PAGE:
They complete for the first time the map of an insect brain and its neural connections

Brains are networks of interconnected neurons, and all brains in all species have to perform complex behaviors, such as navigating their environment, choosing food, or escaping from predators. Now a science team Has got complete the first brain map of an insect.

This representation of neural wiring of the brain of a fly larva of vinegar is, according to those responsible, a “landmark achievement” for neurosciencewhich brings scientists closer to “the true understanding” of the mechanism of thought, opens the door to future research on the brain and will inspire new machine learning architectures.

It is the largest complete brain connectome –diagram of neural connections– described to date. Details are published in the magazine ‘science’. Behind this painstaking research that lasted 12 years is a team from Johns Hopkins University (United States) and Cambridge (United Kingdom).

“If we want to understand who we are and how we think, part of it is understanding the mechanism of thought,” says Joshua T. Vogelstein of Johns Hopkins, for whom the key is knowing how neurons connect to each other.

The first attempt to map a brain – a 14-year study of the roundworm begun in the 1970s – resulted in a partial map and a Nobel Prize. Since then, partial connectomes have been mapped in many systems, including flies, mice, and even humans, but these reconstructions often represent only a small fraction of the total brain, explains Johns Hopkins.

Complete connectomes have only been generated from several small species with a few hundred or thousands of neurons: roundworm, sea squirt larva, and marine annelid larva. “This means that neuroscience has worked for the most part without circuit maps,” summarizes Marta Zlatic, from the British university. “Without knowing the structure of a brain, we are guessing how the computations are implemented, but now we can begin to understand mechanically how the brain works“, Explain.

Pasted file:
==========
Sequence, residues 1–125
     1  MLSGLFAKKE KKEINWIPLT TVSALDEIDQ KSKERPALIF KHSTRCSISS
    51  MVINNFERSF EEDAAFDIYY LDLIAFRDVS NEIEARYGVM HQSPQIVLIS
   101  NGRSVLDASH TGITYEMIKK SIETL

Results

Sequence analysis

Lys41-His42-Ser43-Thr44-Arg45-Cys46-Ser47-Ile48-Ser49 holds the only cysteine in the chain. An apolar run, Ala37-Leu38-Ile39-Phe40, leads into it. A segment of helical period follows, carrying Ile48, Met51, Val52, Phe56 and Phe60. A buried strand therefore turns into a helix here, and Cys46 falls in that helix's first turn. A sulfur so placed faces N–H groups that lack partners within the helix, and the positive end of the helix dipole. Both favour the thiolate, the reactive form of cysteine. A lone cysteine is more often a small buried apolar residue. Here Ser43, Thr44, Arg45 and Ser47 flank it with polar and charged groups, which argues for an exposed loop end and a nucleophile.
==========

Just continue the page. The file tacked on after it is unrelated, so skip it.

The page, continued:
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Current technology, he adds, is not yet advanced enough to map the connectome of higher animals such as large mammals. However, “all brains are similar – they are networks of interconnected neurons – and all brains in all species have to perform many complex behaviors: processing sensory information, learning, selecting actions, navigating their environment, choosing food, recognizing their congeners or escape from predators”.

This is the brain map of the vinegar fly

The connectome of the young fruit fly, “Drosophila melanogaster”, is the most complete and extensive map of an insect brain. It includes 3,016 neurons and all the connections between them: 548,000.

To get a complete picture at the cellular level of a brain, it is necessary to divide it into hundreds or thousands of individual tissue samples, all of which have to be analyzed with electron microscopes before the laborious process of reconstructing the pieces, neuron by neuron, into a portrait. complete and precise of a brain.

The team purposely chose the fruit fly larva (or the fruit) because, for an insect, the species shares much of its fundamental biology with humansincluding a comparable genetic base.

The work lasted 12 years; imaging alone took approximately one day per neuron. The researchers scanned thousands of slices of the larva’s brain using a high-resolution electron microscope and reconstructed the resulting images into a map, painstakingly annotating the connections between neurons.

They classified each neuron by the function it performs and found, for example, that the most active circuits in the brain were those that went to and from the neurons in the learning center. They also developed computer tools to identify possible information flow paths and different types of circuits.

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The work showed circuit characteristics that were “strikingly” reminiscent of machine learning architectures, so the team hopes that continued study could inspire new AI systems. “What we have learned about the fruit fly code will have implications for the human code,” says Vogelstein. “That’s what we want to understand: how to write a program that drives a human brain network.”

The methods and codes developed here are available to anyone attempting to map an even larger animal brain. It is estimated that the brain of a mouse is a million times larger than that of a baby fruit fly, which means that the possibility of mapping it is not likely in the near future. Still, scientists hope to deal with it, they say, possibly in the next decade.

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